and

and powers *, cannot be expected from our sober and unenlightened pens.

And yet these and the Author's former and future publications, it seems, contain a System that will speedily astonish the world, by its stupendous magnitude and power. 'In the concluding paragraph of the first of these two fracts, the fond fa. ther of it accuses us of having exerted our weak endeavours ini fike this young Hercules in its cradle ; and gives us fair warning to make quick dispatch, if we expect to succeed in our defperate attempt to check the rapid growth of this strapping youngster.- Hear what the Doctor himself fays on the subjea. Our representation might, perhaps, be thought exaggerated :

These opinions,' says he,' will be confirmed by future publications, particularly by an Enquiry into the Nature of the Human Pulse, and the Motion of the Arteries. But if the Reviewers are determined to destroy Our System in the bud, they should not lose the present opportunity, as by length of time it may grow into so powerful a Colossus, as to bid defiance at last to all the artillery of their genius.'

We appeal, on this occasion, to the judgment of the impartial Public ; not doubting but they will acquit us of the dark design here imputed to us by this unaccountable mortal. We have indeed more than once diflented from the Doctor's opinions, when we have understood them; and in particular acknowledge that, in March 1773, juftly provoked to see the rays of light violently twisted and joftled out of their natural and lawful course by this bold innovator, we stoutly defended the good old laws of vision, against the Doctor's New System of seeing :-but from dates and other circumstances, it is evident that this cannot be the growing Colossus above referred to t.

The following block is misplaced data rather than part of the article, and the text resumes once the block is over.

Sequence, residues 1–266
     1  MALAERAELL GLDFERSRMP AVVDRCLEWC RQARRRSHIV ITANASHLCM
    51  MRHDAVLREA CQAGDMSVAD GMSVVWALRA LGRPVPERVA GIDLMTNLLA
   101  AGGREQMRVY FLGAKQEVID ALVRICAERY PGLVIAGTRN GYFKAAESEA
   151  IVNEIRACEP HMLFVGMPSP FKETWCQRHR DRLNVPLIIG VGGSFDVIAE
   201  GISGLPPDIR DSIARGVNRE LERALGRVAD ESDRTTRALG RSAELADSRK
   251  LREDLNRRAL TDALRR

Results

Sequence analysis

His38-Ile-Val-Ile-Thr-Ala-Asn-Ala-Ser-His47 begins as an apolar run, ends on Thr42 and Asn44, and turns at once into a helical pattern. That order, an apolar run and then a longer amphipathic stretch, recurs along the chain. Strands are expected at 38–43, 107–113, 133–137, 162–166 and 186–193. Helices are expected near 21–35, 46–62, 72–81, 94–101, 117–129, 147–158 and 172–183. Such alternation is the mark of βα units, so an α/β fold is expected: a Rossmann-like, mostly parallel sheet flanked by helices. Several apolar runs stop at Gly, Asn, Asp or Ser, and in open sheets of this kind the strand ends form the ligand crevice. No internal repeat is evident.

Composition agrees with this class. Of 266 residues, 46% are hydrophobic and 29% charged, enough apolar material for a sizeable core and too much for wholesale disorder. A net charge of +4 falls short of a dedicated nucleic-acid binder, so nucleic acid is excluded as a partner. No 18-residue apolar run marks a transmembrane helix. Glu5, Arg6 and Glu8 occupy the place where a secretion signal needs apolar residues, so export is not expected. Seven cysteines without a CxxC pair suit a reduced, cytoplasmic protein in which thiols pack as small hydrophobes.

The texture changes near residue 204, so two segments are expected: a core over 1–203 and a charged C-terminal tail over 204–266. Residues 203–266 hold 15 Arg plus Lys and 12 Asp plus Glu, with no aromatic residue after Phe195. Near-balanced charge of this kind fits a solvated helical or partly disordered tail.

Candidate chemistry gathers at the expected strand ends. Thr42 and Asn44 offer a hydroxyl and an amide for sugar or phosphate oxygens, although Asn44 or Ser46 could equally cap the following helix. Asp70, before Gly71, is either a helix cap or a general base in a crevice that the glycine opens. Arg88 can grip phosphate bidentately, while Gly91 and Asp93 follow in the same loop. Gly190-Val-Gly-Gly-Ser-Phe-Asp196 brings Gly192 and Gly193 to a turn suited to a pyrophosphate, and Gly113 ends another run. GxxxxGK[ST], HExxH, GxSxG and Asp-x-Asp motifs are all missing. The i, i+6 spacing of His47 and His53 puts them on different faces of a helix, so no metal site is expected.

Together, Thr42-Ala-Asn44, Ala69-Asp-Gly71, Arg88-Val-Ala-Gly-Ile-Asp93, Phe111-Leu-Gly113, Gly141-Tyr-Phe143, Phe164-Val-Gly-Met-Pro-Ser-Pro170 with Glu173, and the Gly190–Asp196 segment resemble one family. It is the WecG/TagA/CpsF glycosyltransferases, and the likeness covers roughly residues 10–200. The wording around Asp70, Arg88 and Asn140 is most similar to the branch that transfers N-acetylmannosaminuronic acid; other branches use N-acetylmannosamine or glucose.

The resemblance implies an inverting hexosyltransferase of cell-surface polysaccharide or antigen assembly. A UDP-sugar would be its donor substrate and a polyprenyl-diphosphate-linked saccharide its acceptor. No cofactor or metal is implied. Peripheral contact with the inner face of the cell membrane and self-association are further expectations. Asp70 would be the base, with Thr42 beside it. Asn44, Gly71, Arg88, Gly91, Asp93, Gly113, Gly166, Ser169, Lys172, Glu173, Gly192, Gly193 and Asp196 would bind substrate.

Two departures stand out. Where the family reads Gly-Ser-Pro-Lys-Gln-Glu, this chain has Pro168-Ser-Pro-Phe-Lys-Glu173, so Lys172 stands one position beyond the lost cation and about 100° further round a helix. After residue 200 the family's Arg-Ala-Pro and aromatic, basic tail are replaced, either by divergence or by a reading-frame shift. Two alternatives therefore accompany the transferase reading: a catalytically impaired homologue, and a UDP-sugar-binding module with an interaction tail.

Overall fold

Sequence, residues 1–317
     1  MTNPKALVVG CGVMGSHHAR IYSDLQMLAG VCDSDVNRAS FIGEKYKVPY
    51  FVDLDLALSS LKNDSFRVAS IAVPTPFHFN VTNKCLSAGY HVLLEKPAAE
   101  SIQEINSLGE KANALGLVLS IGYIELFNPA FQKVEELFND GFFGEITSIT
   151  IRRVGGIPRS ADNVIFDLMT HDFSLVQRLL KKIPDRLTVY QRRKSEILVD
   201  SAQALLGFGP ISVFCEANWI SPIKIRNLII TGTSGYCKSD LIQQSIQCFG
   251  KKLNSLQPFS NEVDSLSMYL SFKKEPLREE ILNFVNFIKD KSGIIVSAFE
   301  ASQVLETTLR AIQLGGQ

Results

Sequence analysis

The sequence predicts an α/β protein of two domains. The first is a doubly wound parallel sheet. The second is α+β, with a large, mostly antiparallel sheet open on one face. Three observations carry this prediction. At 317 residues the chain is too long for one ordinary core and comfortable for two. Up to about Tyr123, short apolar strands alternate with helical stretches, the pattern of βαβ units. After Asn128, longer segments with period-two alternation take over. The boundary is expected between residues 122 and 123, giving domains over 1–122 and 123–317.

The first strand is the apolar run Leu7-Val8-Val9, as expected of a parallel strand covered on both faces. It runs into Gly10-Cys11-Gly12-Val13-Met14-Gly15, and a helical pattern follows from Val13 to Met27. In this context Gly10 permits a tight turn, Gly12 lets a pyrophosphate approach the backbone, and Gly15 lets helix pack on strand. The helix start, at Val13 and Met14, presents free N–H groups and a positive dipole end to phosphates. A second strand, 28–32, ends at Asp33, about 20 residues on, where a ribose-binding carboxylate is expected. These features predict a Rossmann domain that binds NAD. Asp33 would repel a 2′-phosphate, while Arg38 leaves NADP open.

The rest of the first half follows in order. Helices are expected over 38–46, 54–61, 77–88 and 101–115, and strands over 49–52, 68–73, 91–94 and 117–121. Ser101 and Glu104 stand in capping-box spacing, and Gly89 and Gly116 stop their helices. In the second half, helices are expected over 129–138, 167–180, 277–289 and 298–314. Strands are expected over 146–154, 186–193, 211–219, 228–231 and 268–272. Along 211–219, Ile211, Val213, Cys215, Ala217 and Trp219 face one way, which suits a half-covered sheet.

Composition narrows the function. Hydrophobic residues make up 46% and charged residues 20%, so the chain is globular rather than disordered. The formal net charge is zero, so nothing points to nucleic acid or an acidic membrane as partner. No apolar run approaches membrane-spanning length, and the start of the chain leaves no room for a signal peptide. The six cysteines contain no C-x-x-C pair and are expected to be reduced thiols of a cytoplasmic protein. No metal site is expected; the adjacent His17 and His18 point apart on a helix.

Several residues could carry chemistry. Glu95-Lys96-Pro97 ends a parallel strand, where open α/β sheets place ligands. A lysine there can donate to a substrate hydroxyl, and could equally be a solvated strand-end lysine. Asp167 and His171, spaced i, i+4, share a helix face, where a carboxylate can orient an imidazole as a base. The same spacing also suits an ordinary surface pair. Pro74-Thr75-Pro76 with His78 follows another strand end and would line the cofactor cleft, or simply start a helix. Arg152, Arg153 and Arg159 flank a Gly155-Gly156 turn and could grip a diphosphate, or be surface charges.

• It was well judged in the Doctor to give the skin, that humble covering of the body, the high sounding title above mentioned. The phrenic centers, and even the brain, it seems,. yield in power to the exterior organ.'

+ The Doctor breeds so faft, and brings forth so many new fyftems and theories, that we proteit we have overlooked a capital one indeed promulgated in this very essay. Here, if we rightly com. pisheld him, he demolishes the old Harveian circulation,-dethrones the heart—and portions out its hitherto undisputed, universal dominion over the circulating fluids, into numerous principalities, under the government of the spongiform substance of the cellulary-membrane,' dispersed over the various parts of the body. These heptarchies, (though we know not their precise number) are the principal agents in the circulation, and each part of the body has a circulation pea culiar to itselfi'-Where will this man ftop!-If he be suffered to go on long at this violent rate, we must e'en shut our books, and all go to school again :-a mortifying step, to be obliged to take at our age!